Parkers overall rating: 4.3 out of 5 4.3

Should you buy a Volkswagen Polo?

Suffice to say the Volkswagen Polo is a small car with a big personality. Spacious and easy to handle, it gives drivers confidence and offers passengers room, while dazzling with a vibrant range of colours inside and out. Typically one of the more expensive supermini choices, good levels of standard equipment ensure you still get value for money.

It is not as fun to drive as the Ford Fiesta, and you’re best opting for smaller wheels if you want the most comfortable ride. But the interior is close to setting new standards for this class for the equipment available and the ease of use, plus that technology it brings is very intelligently implemented.

It's not all perfect though. If you don't fancy the vivid colour options, it can actually look quite plain in some specifications and, while the interior is solid, the quality lags behind in this model, even compared with the older generation of car. The top of the dashboard and the door cards all feature hard plastics that don't feel very Volkswagen, meaning there's less to differentiate it from the cheaper SEAT Ibiza than you might expect. 

The Polo continues to offer a satisfying amount of feel-good factor, but it's best to avoid the expensive, high-spec versions to feel like you get what you pay for.

We'd stay away from the 1.0-litre 80hp petrol engine if you can, as it makes the Polo quite frustrating to live with if you venture out of town on a daily basis.

Most Polo buyers will opt for the 1.0-litre TSI turbo petrol engines – and the 95hp version accounts for around 75% of all Polo sales. Three-quarters of the Polo’s customers surely can’t be wrong? And they’re not. This engine, though not overwhelmingly refined, has all the performance most people will ever need, delivered with reasonable fuel economy and agreeable levels of emissions. It would have been nice if VW had stumped up for a six-speed gearbox instead of the basic five-speed, but that probably keeps the purchase cost down and you can always opt for the seven-speed DSG if you want to improve on it. A solid choice.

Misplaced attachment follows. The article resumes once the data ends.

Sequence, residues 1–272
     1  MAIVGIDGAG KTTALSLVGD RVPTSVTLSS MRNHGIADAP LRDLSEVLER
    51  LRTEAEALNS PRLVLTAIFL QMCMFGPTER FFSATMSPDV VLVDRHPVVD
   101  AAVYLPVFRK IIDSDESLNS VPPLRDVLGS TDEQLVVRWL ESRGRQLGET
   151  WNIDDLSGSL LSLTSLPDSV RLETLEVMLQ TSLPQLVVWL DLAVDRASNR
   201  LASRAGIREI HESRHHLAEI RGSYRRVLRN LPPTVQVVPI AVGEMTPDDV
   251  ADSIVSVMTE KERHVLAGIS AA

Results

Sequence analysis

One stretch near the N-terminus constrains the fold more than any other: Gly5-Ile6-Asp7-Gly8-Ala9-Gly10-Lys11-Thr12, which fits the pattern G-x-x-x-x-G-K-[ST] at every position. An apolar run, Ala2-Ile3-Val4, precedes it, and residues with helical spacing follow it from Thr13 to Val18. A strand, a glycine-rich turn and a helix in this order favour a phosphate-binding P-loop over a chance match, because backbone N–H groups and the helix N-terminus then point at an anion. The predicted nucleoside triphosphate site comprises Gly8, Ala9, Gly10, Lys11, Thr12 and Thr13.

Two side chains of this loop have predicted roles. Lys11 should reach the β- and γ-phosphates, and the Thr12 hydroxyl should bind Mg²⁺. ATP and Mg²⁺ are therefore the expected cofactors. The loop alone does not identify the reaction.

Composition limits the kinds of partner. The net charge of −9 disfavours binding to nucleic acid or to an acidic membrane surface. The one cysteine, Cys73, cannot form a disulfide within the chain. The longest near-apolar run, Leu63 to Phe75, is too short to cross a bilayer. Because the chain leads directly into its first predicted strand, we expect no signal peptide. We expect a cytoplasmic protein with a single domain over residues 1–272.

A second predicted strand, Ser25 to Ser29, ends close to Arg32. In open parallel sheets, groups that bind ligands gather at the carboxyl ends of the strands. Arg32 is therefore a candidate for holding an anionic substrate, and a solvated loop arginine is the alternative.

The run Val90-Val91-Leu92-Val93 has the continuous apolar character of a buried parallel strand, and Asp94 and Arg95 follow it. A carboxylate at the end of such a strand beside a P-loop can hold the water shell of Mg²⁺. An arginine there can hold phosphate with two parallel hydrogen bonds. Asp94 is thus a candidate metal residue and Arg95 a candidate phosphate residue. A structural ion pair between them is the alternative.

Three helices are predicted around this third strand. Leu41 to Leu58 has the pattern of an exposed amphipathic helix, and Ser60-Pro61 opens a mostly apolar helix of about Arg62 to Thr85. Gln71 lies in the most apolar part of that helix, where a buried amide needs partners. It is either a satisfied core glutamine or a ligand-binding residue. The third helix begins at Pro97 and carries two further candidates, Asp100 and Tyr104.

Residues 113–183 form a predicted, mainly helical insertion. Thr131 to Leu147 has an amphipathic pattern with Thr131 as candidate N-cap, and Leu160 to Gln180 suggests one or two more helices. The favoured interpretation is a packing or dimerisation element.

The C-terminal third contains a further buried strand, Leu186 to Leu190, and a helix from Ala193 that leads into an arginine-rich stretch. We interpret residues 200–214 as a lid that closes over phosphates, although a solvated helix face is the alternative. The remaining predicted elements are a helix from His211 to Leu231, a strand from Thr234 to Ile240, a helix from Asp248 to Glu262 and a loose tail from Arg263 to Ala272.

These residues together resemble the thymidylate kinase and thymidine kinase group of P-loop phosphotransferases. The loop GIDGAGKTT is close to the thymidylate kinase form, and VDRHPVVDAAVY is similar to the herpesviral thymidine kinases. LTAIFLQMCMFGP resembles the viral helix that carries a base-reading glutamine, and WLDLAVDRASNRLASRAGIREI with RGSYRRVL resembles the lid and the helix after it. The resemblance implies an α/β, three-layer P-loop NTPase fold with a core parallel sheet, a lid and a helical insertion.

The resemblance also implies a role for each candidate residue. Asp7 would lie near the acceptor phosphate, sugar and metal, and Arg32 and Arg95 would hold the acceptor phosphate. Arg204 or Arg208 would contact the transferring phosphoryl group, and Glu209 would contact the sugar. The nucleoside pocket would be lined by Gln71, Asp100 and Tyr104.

The 115hp 1.0-litre TSI certainly packs extra punch and a six-speed gearbox, making it a much more user-friendly all-rounder. This is where we'd spend our money, especially if you regularly make longer journeys - that sixth gear makes all the difference when cruising on the motorway.

Or go the whole hog and go for the Polo GTI, but it's nowhere near as engaging to drive as a Ford Fiesta ST or a MINI Hatch Cooper S. Unfortunately, those looking for more zest without going all-out with the GTI will have to search for a used example of the 1.5-litre TSI Evo petrol motor.

Spec choice: Should I get the Beats?

As tempting as it may be to opt for the Polo beats, it may not live up to expectations. It combines the Polo's merits of having a well-built cabin with eye-catching red highlights on the dash, doors and seats, but the beats audio sound system is unconvincing. In theory, combining the looks with an upgraded stereo over engine performance is ideal for first-time buyers, but it's costly and while the sound system provides a little more bass, it sounds maxed out for the majority of the time.

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